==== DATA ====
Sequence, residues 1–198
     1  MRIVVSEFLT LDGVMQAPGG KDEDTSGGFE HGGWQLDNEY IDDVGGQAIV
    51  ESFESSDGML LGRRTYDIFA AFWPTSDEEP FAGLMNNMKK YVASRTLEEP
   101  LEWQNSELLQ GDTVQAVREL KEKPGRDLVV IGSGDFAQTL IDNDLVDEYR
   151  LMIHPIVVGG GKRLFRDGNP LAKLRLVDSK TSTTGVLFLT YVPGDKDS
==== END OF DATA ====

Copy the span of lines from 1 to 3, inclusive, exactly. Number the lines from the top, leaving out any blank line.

Sequence, residues 1–198
     1  MRIVVSEFLT LDGVMQAPGG KDEDTSGGFE HGGWQLDNEY IDDVGGQAIV
    51  ESFESSDGML LGRRTYDIFA AFWPTSDEEP FAGLMNNMKK YVASRTLEEP